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The issue of juiced baseballs surfaces every couple years during the month of April due to a high rate of home runs hit. (Ed Wolfstein / Icon SMI 756 / Ed Wolfstein / Icon SMI / Newscom)

The Physics of Cheating in Baseball

Corked bats and juiced balls have long plagued baseball, but do they really help a player’s game? Four scientists found surprising answers

smithsonian.com

Cheating in sports might be as old as the race between the tortoise and the hare. But not all trickery actually works, especially in baseball.

A corked bat can hit the ball farther, right? That’s a myth, say physicists studying the national pastime. And can making a baseball moister really thwart a slugger from putting one in the bleachers? Well, maybe—depending on how hot it is outside.

To separate fact from fiction, four scientists from three universities spent days firing baseballs at bats. The results are published in “Corked Bats, Juiced Balls, and Humidors: The Physics of Cheating in Baseball” in the June issue of the American Journal of Physics.

To Cork or Not to Cork

In June 2003, Chicago Cubs slugger Sammy Sosa was caught using an illegal corked bat—hardly the first time it’s happened in the Major Leagues. A corked bat is one in which a cavity is drilled out of the barrel and filled with a lightweight material such as cork.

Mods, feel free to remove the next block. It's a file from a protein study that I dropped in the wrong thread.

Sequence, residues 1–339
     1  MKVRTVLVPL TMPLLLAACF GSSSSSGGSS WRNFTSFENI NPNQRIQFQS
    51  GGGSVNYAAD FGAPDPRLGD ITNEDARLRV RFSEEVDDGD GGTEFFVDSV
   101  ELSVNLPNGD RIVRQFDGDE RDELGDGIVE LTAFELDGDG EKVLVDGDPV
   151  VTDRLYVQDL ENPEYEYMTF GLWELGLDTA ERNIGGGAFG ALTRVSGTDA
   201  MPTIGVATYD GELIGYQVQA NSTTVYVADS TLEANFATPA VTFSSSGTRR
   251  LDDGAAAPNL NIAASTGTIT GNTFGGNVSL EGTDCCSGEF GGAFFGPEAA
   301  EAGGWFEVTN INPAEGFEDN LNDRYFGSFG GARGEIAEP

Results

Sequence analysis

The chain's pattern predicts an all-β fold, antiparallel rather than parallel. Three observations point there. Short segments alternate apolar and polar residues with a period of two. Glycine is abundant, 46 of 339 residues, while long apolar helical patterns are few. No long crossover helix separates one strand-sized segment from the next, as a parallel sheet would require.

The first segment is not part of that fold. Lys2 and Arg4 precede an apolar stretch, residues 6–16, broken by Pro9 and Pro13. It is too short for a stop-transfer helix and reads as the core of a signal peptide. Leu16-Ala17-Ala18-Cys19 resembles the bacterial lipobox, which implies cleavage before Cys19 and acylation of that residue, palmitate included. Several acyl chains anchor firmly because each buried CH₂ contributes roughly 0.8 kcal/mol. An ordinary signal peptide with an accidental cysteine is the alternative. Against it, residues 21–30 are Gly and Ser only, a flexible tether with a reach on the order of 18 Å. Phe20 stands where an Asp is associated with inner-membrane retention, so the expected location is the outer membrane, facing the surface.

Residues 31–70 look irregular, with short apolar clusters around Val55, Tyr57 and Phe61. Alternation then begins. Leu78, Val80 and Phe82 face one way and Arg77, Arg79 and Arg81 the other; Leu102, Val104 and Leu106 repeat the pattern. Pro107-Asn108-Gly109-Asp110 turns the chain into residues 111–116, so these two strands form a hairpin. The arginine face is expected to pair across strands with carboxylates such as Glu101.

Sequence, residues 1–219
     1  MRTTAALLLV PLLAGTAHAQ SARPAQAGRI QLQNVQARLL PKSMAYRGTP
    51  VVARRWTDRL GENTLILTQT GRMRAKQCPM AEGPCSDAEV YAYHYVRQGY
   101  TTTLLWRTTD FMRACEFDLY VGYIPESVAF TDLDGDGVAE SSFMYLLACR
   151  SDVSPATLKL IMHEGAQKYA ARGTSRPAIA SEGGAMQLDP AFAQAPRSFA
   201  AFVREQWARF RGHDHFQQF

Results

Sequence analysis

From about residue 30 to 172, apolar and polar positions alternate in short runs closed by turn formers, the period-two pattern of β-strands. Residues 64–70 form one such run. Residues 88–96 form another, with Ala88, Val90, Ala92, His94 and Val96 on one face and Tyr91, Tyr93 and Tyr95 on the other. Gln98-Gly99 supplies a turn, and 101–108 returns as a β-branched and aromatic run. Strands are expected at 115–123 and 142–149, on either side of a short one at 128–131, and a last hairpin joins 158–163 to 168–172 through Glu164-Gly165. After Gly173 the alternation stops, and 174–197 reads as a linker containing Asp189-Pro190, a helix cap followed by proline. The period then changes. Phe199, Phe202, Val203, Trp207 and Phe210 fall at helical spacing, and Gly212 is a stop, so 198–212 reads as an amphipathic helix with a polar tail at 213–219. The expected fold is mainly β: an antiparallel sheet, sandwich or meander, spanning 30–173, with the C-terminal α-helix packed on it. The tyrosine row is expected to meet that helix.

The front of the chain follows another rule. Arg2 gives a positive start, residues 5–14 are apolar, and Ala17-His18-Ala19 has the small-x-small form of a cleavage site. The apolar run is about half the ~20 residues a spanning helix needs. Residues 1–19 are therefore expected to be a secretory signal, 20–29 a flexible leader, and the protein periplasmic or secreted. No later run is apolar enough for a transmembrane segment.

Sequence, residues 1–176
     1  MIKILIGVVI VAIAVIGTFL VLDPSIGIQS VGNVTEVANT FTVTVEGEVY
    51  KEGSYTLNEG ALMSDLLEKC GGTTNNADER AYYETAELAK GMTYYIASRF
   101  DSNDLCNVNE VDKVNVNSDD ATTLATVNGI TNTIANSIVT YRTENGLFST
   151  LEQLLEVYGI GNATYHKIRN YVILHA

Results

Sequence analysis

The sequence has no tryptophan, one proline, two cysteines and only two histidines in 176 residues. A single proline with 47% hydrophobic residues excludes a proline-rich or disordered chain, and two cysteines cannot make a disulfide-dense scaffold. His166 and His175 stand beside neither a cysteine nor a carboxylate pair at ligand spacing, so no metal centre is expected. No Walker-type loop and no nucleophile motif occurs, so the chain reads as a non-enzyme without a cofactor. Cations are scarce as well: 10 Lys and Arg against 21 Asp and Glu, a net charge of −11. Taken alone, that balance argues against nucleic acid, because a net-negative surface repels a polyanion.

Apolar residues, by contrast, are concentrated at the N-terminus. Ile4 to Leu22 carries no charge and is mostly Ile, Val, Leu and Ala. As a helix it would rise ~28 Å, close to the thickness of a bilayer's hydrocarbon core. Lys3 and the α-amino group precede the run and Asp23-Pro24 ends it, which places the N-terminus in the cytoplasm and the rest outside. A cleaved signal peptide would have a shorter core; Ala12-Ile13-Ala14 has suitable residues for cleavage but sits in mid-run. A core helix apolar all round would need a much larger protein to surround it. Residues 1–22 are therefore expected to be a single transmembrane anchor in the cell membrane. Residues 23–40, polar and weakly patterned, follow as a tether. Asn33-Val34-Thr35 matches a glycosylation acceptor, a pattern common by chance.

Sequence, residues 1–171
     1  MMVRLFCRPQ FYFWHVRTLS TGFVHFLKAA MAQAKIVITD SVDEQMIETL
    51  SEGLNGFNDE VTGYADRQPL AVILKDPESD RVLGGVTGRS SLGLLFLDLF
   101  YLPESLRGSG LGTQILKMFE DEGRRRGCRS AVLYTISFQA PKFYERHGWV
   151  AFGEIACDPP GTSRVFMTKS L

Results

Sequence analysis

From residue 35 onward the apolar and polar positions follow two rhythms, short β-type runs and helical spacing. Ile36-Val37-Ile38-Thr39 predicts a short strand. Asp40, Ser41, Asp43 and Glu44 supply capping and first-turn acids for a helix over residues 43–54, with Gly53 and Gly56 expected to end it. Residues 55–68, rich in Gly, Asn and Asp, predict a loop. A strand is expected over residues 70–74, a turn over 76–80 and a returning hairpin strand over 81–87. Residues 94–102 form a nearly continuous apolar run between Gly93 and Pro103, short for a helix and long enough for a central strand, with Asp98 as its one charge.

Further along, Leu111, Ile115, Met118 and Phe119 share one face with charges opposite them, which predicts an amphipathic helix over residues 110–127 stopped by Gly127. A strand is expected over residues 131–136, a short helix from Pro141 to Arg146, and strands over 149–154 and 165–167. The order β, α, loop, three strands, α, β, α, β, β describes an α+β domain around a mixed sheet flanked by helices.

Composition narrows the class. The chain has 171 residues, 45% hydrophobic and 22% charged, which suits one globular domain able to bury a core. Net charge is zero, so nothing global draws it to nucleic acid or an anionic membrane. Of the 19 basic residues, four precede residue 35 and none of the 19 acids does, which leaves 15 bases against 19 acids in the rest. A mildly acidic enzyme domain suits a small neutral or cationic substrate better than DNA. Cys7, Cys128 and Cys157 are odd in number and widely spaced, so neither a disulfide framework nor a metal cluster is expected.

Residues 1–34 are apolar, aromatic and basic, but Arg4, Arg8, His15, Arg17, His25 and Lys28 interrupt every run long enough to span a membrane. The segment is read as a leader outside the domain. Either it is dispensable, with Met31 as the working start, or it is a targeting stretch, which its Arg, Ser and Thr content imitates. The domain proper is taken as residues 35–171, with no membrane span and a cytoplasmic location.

It was scandalous…but does it work? That’s the question that intrigued Alan Nathan, a professor emeritus of physics at the University of Illinois (and a die-hard Red Sox fan). “There was some anecdotal information from players that there’s something like a ‘trampoline effect’ when the ball bounces off a corked bat,” says Nathan, one of the authors of the new study. So the researchers hollowed out a bat, stuffed it with bits of cork and fired a ball at the bat from a cannon. If anything, the ball came off the corked bat with a slower speed than off a normal bat. Less velocity means a shorter hit. Their conclusion: the trampoline effect was bogus.

But there was another way corking might work: a corked bat is a few ounces lighter than an unadulterated one, and a lighter bat means a batter can swing faster, which means he can generate more force and hit the ball farther. Right?

Not quite, as it turns out.

A batter indeed can swing a lighter bat faster, but a lighter bat has less inertia. So there’s a trade-off, says Lloyd Smith, an associate professor of engineering at Washington State University and a co-author on the paper. By once again firing a ball at a bat at WSU’s Sports Science Laboratory, the researchers found that a heavier bat still hit the ball harder (and therefore farther) than a lighter, corked bat. “Corking will not help you hit the ball farther,” says Smith.

“That’s not to say that baseball players are dumb,” Smith is quick to add. Players may have another reason to cork their bats: to make the bats lighter so players can, in baseball argot, “get around on a pitch” quicker, allowing them to wait a split second longer before swinging, which gives them more time to judge a ball’s path and to make adjustments during the swing. “So, while corking may not allow a batter to hit the ball farther, it may well allow a batter to hit the ball solidly more often,” the researchers write.

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